Not a lot of people may know this, but 2018 is the 250th Birthday of Circus.
I wouldn’t have known this if I hadn’t looked in on the Tower Circus in Blackpool in May this year.
The Tower Circus opened for the first time in May 1894. The cheapist ticket then was 6d (2.5p).
The last time I entered this historic venue was in 1976 when I introduced my first born to the talents of Charlie Cairoli and his team.
The aforementioned clown has long since joined that great Big Top in the sky, along with many of his comical company and it’s cast of performing animals. Animals last appeared in 1990.
Cairoli was born to a circus family in a town near near Milan in 1910. In 1939 the Cairolies appeared at the Circus Krone in Munich in front of a certain Adolph Hitler, who presented young Charlie with a wristwatch after the performance. In September of that year, Charlie was appearing in the Tower Circus Blackpool for the first time, when war was declared with Germany. In response to this news, Charlie walked to the end of the Central Pier and threw the wristwatch as far as he could into the sea.
He starred in the Tower Circus with his company for over 40 years, and after a period of ill health he eventually retired in 1979 and died the following year.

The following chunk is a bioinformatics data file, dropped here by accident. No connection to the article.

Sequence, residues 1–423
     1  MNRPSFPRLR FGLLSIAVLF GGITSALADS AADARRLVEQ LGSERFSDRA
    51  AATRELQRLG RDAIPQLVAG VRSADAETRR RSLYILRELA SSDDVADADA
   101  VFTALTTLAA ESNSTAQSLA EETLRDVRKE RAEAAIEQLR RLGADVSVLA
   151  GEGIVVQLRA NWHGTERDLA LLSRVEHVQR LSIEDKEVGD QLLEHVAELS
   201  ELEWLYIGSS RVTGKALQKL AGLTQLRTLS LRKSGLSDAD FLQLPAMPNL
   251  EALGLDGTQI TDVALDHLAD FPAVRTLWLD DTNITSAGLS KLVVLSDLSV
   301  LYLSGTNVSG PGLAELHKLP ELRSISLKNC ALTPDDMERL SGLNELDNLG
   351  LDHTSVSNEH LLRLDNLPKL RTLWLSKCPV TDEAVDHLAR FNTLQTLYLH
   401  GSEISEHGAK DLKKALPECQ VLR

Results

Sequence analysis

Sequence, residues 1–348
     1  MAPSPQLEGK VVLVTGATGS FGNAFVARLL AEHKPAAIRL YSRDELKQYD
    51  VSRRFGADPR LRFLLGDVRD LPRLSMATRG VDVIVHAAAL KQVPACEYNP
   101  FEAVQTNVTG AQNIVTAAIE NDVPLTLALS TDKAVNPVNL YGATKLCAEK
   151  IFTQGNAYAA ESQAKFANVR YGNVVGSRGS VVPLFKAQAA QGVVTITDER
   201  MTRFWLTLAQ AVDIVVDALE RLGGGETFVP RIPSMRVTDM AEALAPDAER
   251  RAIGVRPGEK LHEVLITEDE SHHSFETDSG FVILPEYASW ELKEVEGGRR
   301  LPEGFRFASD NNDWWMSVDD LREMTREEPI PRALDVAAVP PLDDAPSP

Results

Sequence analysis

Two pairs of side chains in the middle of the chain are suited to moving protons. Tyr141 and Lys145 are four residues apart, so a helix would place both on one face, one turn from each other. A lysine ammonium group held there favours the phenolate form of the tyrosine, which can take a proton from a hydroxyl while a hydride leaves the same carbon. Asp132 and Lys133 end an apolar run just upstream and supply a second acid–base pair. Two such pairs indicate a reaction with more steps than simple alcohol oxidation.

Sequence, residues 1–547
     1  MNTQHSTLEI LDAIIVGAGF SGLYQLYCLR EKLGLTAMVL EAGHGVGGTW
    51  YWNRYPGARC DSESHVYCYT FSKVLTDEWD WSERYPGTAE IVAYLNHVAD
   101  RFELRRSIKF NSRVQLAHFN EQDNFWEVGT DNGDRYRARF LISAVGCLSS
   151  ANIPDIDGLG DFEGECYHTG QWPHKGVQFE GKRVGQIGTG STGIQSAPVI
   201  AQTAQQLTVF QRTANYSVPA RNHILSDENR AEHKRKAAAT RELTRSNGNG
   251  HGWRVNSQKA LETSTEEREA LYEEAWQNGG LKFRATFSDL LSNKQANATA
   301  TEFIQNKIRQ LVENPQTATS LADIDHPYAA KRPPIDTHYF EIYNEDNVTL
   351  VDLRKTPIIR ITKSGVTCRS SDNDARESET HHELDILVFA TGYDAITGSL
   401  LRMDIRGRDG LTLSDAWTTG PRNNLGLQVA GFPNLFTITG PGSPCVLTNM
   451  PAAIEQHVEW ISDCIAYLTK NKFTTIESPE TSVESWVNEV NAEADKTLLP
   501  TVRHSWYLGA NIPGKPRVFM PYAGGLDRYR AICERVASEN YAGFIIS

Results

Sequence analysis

In February 2000 in Blackpool he was awarded a posthumous Achievement Award from the World’s Fair Circus Newspaper, and a statue of him stands proudly today in the Blackpool Tower.
I treasure the memory of his clowning and pie throwing comedy from the 70’s and I was relishing something similar to share with my grandchildren in the May Bank Holiday.
In many respects, security checks apart, the initial experience was exactly as it was around 40 years ago.
There is a long walk from security to the old circus ring, with pictorial and historical costume reminders of years gone by and posters of artists and comedians who have appeared at this venue in more recent times.
But Blackpool is Blackpool and Circus is Circus and as you enter the main ring you are bombarded by a selling tsunami offering programmes and colourful flashing toys for £5 that would cost you so much less in your local Poundworld Store. Furthermore, if you were really fortunate and quick you could part with some more folding money to have your photo taken with the star of the show, Mister Boo.
In the absence of the traditional lion tamers, performing elephants, and chimps of the 70’s, Mr. Boo and his dopey sidekick, Mookey, filled a lot of the show with their zany antics, magic and humour, but the real stars of the show were the Kossak Dancers and the Trapeze Artists, who looked so much like the programme and toy sellers that we met before the show started!
For me, the 2018 Blackpool Tower Circus fell well short of the show that so enthralled my eldest son 40 years ago. Even the famous water show which ends the performance seemed to lack the energy it once had, although to be fair that can apply to most of us I guess.
But none of that matters, because our six year old grandchildren were in awe from start to finish, and that was magical to me.
This was their first experience of Circus, and they will remember it for the rest of their days.